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On the structure of A-bar constructions in Dagbani: Perspectives of «wh»-questions and fragment answers

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Samuel Alhassan Issah

This book provides an account of the structure of A-bar constructions, focusing on wh-questions and fragment answers in Dagbani, a Mabia (Gur) language spoken in Northern Ghana. It demonstrates that Dagbani wh-phrases occur in two distinct positions, ex-situ and in-situ, except for subject wh-phrases, which only occur in the former position. It provides a theoretical analysis of the distribution of the wh-phrases couched within minimalism (Chomsky 1995). Finally, the book gives an account of the structural correlation between wh-questions and their answers with the focus on the syntactic derivation of fragment answers. The author contends that the derivation of fragment answer involves two processes: A-bar movement together with PF-deletion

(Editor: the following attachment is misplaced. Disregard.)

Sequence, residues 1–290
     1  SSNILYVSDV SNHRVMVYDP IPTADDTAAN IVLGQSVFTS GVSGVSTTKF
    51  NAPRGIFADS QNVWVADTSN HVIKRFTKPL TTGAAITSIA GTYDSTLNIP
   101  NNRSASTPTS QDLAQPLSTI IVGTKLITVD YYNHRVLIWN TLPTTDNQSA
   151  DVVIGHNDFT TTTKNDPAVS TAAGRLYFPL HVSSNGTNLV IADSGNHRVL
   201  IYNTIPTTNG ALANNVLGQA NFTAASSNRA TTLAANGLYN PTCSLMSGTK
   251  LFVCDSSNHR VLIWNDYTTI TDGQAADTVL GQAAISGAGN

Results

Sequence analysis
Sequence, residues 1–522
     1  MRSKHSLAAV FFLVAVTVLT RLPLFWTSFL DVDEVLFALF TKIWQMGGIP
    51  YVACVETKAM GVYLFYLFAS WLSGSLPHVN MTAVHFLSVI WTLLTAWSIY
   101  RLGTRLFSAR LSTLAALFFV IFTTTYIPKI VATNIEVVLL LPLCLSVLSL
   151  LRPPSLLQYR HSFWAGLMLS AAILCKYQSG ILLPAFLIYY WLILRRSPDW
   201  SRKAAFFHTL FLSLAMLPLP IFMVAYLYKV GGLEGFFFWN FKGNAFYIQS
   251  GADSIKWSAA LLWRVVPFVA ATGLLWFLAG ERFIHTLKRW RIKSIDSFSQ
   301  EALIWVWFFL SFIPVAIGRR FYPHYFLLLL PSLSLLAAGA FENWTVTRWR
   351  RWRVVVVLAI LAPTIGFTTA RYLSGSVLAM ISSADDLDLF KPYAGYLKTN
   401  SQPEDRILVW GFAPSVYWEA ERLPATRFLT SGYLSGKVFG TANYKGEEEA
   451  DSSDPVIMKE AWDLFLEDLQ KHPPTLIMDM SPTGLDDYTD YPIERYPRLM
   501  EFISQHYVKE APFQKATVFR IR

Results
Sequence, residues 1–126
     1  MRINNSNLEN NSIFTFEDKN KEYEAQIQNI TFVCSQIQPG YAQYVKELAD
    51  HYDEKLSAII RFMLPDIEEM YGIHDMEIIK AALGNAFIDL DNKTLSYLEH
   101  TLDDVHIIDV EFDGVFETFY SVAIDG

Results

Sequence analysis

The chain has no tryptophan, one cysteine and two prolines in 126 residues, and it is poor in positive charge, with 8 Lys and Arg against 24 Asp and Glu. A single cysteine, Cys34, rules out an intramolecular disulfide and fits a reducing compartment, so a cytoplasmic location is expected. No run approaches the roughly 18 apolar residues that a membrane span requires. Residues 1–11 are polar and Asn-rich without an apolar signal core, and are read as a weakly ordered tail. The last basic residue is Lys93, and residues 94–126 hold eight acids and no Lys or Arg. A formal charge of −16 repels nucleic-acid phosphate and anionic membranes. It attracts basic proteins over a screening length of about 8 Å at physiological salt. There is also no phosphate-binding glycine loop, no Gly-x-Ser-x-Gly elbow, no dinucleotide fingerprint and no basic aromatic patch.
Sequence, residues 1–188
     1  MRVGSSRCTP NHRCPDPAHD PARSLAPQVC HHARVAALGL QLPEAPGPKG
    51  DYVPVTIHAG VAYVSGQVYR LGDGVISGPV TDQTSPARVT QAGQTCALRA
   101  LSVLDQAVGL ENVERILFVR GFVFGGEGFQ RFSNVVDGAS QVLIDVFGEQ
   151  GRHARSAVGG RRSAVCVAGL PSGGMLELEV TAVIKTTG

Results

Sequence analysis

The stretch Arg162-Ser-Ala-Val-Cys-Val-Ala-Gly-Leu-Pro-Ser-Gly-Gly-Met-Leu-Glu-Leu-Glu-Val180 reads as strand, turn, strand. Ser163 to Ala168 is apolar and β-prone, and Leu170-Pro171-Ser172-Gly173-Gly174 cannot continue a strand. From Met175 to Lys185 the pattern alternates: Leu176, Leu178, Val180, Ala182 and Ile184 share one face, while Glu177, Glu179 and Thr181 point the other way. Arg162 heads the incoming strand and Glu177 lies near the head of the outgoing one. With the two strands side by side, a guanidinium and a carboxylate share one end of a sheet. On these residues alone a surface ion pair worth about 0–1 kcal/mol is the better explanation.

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This dissertation provides a description and analysis of the structure of A-bar constructions, focusing on the derivation of wh-questions and fragment answers in Dagbani, a Mabia (Gur) language spoken in Northern Ghana. I show that wh-phrases are crucial syntactic elements in the derivation of wh-questions and further examine the inventory and grammatical characteristics of these wh-phrases. I demonstrate that in the formation of wh-questions, wh-phrases occur in two distinct positions, ex-situ and in-situ, except for subject wh-phrases, which only occur in the former position. I provide a theoretical analysis of the distribution of wh-phrases couched within Minimalism (Chomsky 1995). I assume that Dagbani has two focus feature specifications in its lexicon: a strong and a weak focus feature. Whereas the former triggers overt syntactic movement of the wh-phrase from its base position to the clausal left periphery, the latter licenses covert movement at LF. I further show that while the ex-situ wh-questions mandatorily require the overt morphological presence of the particles kà and ń which must be c-commanded by the extracted wh-operator, their in-situ counterparts do not have these syntactic items overtly expressed. I account for this absence of phonologically visible focus heads in in-situ wh-questions by referring to the fact that LF movement is a post-syntactic phenomenon, and therefore, although the focus heads are present in the in-situ wh-questions, they are not phonologically visible to the syntax. Consequently, I conclude that kà and ń are spell-outs of this strong focus feature which establish the needed Spec-Head configuration for feature...

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